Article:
The following was a chat I had with my cohost, Nick Rogers, on whether criticizing pro players is a good or bad, right or wrong, or perhaps less black and white than that, how to go about levying criticism.
While certainly we all have our own opinions on this, it’s quite interesting that in American soccer specifically, there has been an absurdly low tolerance for criticism. Everything here has historically been soft, sooooooft.
If you weren’t taking a positive angle on players, people would be outraged.
If you weren’t taking a glass half full approach, people would be outraged.
And when I say people, I’m referring to the mainstream monolithic culture that controls the game here.
I’m definitely not talking about the majority soccer-first demographics. So for instance, those with a Mexican culture, Central and South American culture, European, Asian, African cultures. Let me repeat so it’s clear, I’m saying those who still have those cultures coursing through their veins.
These demographics are okay with harsh criticism, with serious criticism, with having goes at players, with having goes at clubs, with having goes at everything in the soccer ecosystem. These cultures are fine with it. But these cultures are sidelined from the game here. So we’re left with one monolithic culture which, again, has an absurdly low tolerance for criticism.
Anyone and everyone who does not conform to their self-righteous culture and code of conduct, they will attempt to marginalize. Everything has to be soft. Except of course when it comes to marginalizing other cultures. Then, oh yeah, they’ll criticize, they’ll smear the shit out of someone.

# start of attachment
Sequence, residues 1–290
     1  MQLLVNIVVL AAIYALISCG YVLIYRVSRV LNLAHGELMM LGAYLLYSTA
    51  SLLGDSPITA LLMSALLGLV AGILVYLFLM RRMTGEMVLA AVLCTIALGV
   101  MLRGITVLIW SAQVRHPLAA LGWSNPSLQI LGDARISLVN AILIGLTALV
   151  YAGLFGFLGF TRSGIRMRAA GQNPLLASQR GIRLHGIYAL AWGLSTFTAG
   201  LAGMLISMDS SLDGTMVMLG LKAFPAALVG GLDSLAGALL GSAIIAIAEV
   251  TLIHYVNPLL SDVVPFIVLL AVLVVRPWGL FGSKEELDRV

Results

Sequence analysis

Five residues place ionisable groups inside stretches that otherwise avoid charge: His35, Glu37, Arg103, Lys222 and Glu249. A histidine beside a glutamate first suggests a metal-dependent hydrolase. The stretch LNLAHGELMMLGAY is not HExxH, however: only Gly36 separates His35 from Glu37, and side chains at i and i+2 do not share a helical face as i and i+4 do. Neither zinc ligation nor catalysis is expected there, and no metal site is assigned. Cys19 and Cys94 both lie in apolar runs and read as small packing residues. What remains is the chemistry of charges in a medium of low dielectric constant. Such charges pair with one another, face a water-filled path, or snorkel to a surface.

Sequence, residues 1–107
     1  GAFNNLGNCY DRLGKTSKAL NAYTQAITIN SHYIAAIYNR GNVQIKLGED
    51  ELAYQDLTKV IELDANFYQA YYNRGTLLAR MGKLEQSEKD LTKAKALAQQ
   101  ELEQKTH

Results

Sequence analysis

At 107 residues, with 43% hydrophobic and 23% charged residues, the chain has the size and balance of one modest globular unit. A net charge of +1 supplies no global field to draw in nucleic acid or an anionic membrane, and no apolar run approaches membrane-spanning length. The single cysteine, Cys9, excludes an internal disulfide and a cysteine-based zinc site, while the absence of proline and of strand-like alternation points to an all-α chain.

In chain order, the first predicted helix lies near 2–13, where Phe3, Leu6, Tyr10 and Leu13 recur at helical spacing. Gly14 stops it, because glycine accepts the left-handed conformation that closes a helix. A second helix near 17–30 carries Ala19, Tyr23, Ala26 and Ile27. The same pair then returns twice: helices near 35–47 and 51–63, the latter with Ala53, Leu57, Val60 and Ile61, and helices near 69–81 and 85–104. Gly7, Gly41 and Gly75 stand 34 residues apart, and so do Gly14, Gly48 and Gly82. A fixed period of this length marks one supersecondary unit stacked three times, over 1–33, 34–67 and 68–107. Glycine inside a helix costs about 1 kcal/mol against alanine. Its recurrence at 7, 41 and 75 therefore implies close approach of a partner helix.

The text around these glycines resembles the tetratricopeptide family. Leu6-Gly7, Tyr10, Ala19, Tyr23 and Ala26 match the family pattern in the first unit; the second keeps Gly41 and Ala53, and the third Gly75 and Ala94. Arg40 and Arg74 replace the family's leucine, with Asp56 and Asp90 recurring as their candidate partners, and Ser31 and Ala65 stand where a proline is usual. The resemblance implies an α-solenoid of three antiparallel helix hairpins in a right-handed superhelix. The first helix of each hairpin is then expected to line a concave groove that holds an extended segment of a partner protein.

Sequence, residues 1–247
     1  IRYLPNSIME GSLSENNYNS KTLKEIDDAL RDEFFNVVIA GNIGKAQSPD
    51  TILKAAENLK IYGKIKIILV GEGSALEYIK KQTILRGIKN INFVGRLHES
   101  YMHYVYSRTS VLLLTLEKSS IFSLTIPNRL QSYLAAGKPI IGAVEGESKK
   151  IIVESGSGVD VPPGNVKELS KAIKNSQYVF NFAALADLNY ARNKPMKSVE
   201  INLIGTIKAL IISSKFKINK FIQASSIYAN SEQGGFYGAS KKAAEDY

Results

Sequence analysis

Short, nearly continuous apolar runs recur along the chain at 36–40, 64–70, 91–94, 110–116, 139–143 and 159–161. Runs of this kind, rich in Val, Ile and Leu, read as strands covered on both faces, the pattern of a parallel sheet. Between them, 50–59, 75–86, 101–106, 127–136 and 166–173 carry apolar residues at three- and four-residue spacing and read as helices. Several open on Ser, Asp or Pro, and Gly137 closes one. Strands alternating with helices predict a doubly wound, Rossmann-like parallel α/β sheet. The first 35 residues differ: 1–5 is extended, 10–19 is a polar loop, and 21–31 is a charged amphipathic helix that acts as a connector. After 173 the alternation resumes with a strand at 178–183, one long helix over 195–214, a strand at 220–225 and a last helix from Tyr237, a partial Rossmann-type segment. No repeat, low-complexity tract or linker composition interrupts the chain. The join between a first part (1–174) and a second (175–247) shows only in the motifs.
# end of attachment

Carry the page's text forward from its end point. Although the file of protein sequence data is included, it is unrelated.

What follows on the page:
So it’s not that they’re opposed to criticism in general – harsh criticism – they’re just selective about it.
Selective based on culture and self-interest.
We won’t dive into the reasons why that’s the case today, that’s a much broader topic. But Nick does ask some questions that start the discussion.
On a positive note. Thanks in large part to many of us who have provided some strong words towards US Soccer, MLS, the US Men’s National Team, particular players, etc, over the past 10 plus years, as a result of that, a vacuum was created whereby others now feel they can fill that middle ground between being ultra Charmin soft and the other end of the spectrum, where the toughest hardest hitting opinions lie.
So kind of like a safe space has been created for a particular group of people feeling a little bit braver than their typical Charmin ways. So things have improved a bit. But we have a long way to go.
Part of the solution here is having independent media rise, and legacy media – whose access is controlled by the status quo – again, Charmin soft, dwindle.
And you, my dears football friends have a significant influence in that.
I should state this was recorded during a live stream. So it has a bit of a different flavor than previous episodes.
Nonetheless, that’s fine. Here we go.
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